Having a baby brings about a host of expected and unexpected changes to the lives of their parents. While this is hardly news to expecting parents, the enormity of the physical, emotional and interpersonal toll that a newborn can bring can often surprise even the most prepared couples.
Fathers, especially, may be shell shocked at the changes and challenges that occur after the birth of their child. Anticipating these changes can lessen the number of surprises down the road and at least help you mentally prepare to tackle the difficulties that lay ahead. Here are some of the important adjustments that new dads need to be aware of after a baby comes into your life.
Even the strongest of relationships can undergo strain when a new baby arrives. From a comfortable party of two with loads of time for each other, you and your spouse are now around-the-clock slaves to your little one’s every whim and fancy. Make sure you set out time - even a cup of coffee or a short walk - to spend with your partner alone to help you connect and keep your relationship intact.
Now that you have another mouth to feed, you may find yourself anxious about finances and providing for your family. This can be especially hard-hitting if you are used to two incomes and your spouse is taking a break from work or decided to be a stay-at-home mom. Factoring in the cost of a child is no small task - from diapers to college funds, planning your financial future may seem daunting but take it one step at a time. Talking to other parents or a financial planner for advice on how to manage money can help you ease some of this stress.
Loss Of Independence
Even though being a father fills you with pride and love, some may also feel a sense of loss for their previous carefreeness and independence. After all, you now have a vulnerable human being that is solely your responsibility. Though these feelings are overwhelming, know that it is completely natural to feel this way. The ability to still do the things you love has not disappeared forever. You very likely will soon learn to adapt and adjust your hobbies to include your little buddy.
Things Take (A Lot) More Time
Thought only women took ages to get ready and out the door? Try getting a baby from zero to fed, changed and dressed before heading to the park. Oh, and don’t forget to pack the baby bag. To avoid future frustrations, be prepared for every excursion to take at least an added 30 minutes in prep time. In fact, add in overtime for every task you need to complete with baby in tow. Be prepared to be spending a whole lot of your free time feeding, rocking and soothing your child in between everything else you need to be doing during the day.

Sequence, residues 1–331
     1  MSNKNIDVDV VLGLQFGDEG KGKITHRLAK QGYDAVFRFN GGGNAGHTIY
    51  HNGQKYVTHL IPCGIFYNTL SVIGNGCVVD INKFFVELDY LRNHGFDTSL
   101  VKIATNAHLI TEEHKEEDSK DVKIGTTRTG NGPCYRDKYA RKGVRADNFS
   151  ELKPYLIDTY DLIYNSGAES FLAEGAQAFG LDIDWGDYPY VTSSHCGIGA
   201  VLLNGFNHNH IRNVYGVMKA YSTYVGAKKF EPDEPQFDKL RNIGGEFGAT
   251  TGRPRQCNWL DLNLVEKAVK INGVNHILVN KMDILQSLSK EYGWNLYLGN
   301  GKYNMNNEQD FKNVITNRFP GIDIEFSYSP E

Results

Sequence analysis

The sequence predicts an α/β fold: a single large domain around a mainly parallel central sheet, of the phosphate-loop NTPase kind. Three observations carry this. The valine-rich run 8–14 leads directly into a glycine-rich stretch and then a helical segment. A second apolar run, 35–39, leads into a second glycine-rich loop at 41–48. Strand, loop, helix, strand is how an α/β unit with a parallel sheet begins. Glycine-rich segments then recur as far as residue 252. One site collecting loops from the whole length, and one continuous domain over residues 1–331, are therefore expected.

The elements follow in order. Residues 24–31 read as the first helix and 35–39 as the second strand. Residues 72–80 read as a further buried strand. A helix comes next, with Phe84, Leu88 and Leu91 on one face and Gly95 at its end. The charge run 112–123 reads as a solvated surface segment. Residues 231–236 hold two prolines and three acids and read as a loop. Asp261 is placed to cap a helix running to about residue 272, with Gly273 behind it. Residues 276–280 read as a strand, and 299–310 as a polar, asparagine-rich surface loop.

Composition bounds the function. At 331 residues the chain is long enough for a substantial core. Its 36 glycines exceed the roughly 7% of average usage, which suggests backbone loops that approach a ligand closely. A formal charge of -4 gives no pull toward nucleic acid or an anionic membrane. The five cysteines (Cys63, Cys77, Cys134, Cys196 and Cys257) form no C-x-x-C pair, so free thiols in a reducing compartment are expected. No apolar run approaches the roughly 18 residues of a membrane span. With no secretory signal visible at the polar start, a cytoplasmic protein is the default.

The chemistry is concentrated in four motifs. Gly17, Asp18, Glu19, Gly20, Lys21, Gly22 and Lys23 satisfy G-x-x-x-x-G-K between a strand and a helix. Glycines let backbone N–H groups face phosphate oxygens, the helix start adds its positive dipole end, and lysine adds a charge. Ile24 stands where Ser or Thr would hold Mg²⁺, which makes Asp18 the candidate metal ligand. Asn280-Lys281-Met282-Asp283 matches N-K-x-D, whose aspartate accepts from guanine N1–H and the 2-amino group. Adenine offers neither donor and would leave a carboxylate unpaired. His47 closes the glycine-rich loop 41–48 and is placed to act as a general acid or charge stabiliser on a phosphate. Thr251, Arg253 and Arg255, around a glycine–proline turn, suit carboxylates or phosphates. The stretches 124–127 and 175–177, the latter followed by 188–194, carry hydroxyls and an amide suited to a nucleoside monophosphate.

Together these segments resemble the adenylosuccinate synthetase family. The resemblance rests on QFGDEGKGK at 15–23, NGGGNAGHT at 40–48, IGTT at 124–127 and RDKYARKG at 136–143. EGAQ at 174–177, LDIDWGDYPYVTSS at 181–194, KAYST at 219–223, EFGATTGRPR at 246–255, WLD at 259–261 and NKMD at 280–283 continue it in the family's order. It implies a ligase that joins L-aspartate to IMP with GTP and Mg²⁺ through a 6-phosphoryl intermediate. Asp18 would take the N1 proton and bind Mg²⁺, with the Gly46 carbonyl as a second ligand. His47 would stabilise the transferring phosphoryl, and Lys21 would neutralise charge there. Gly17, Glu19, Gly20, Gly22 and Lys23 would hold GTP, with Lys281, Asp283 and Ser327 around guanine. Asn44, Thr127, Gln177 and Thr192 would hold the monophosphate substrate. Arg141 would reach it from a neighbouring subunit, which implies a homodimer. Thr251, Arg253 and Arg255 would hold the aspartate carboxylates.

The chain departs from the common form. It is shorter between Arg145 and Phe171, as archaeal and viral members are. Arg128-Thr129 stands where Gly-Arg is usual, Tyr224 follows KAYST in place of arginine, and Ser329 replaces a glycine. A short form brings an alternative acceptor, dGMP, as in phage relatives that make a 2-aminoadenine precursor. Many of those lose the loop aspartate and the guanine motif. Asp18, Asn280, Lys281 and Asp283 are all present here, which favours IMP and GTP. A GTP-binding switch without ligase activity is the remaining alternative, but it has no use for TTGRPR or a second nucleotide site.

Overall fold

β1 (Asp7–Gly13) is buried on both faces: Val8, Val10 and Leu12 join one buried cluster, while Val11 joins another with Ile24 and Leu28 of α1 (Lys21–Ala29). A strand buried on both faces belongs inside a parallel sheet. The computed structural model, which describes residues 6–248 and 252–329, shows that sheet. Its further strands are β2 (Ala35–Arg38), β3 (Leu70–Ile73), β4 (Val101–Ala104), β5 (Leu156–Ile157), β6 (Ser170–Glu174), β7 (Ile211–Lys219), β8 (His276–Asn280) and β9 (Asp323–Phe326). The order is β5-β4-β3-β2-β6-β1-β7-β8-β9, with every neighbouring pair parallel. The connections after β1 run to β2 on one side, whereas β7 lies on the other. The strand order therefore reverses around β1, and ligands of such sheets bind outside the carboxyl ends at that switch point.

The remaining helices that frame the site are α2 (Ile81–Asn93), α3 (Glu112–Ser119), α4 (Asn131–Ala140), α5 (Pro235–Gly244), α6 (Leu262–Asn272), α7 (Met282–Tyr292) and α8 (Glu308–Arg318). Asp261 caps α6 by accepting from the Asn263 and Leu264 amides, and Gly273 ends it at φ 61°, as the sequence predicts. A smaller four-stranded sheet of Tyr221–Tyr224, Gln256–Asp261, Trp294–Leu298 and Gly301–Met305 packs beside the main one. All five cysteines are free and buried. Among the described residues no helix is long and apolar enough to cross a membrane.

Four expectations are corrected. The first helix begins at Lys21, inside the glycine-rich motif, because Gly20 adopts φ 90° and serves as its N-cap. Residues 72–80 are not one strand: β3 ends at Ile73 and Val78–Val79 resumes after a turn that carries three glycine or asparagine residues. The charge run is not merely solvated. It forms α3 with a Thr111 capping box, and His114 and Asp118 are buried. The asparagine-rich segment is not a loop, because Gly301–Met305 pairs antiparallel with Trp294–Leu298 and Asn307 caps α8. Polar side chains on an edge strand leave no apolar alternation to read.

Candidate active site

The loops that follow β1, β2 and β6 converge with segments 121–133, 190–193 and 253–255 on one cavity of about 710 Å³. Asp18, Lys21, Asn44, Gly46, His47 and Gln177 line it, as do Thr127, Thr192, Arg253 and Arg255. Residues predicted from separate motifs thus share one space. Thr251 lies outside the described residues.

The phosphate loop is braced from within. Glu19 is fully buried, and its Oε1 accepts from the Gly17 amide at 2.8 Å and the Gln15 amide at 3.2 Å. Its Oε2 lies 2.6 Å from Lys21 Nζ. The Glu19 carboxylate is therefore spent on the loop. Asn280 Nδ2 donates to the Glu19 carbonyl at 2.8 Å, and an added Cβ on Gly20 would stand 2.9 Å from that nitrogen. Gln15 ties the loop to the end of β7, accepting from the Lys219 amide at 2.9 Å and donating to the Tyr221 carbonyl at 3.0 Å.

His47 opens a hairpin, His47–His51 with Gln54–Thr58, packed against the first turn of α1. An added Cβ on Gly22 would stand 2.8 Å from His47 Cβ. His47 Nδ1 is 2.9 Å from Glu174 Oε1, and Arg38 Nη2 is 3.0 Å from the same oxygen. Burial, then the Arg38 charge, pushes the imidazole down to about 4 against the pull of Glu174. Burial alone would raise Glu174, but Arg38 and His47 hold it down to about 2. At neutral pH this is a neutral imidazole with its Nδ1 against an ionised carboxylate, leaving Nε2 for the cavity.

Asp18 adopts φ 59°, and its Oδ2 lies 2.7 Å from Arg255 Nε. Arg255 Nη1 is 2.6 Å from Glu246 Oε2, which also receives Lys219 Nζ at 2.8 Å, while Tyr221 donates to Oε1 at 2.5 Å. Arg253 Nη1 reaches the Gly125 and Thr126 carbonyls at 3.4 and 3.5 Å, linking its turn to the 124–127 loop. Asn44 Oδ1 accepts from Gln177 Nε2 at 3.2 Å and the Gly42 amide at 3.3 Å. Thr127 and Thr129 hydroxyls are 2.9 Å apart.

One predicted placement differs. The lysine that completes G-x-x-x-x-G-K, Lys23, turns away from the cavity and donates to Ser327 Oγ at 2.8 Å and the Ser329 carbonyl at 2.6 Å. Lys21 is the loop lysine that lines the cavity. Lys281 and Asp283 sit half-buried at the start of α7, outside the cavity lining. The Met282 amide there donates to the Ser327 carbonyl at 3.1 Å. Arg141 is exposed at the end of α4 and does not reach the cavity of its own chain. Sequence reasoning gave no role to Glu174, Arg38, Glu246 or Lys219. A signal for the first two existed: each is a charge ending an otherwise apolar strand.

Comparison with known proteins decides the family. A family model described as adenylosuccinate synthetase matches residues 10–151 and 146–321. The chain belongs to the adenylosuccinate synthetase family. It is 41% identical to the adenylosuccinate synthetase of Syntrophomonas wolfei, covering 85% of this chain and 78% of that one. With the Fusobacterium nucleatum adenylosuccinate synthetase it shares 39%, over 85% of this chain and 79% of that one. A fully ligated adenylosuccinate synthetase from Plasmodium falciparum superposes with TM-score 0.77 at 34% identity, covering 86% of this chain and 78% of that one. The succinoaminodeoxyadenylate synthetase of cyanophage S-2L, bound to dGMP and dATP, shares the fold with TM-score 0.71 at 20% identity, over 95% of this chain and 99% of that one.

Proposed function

Frequent Doctor Visits
Keeping up with your baby’s healthcare schedule is crucial. There are check-ups and vaccine schedules, in addition to the regular ailments that infants tend to suffer from, such as fevers and colic. You will have to make time to be present for your child’s appointments, which may mean long waits at the clinic or leaving early from work when they are ill. You will probably also find yourself suddenly engrossed in the various aspects of infant healthcare such as vaccines, why they are necessary and the right time for their administration. Being concerned about your child’s health is only natural and a sign of good parenting but don’t get paranoid. Trust your doctor and limit your time spent searching for ‘diagnoses’ online.
Balancing parenting with work demands is something most new dads can relate to. With most workplaces offering less-than-ideal paternity leave policies, new fathers are often left struggling trying to put in their hours before going home to help with the baby. This, in addition to sleepless nights, anxiety over work and your new parental role, can take an emotional and physical toll. Recognise that the first few months of parenting are especially hard and take a lot of getting used to.
For first-time dads, it can be a struggle to find your parenting rhythm right away but remember that this is completely normal and something that most new fathers go through. Talking with your partner and other parents can help ease some of your worries and make you feel more supported in this new journey.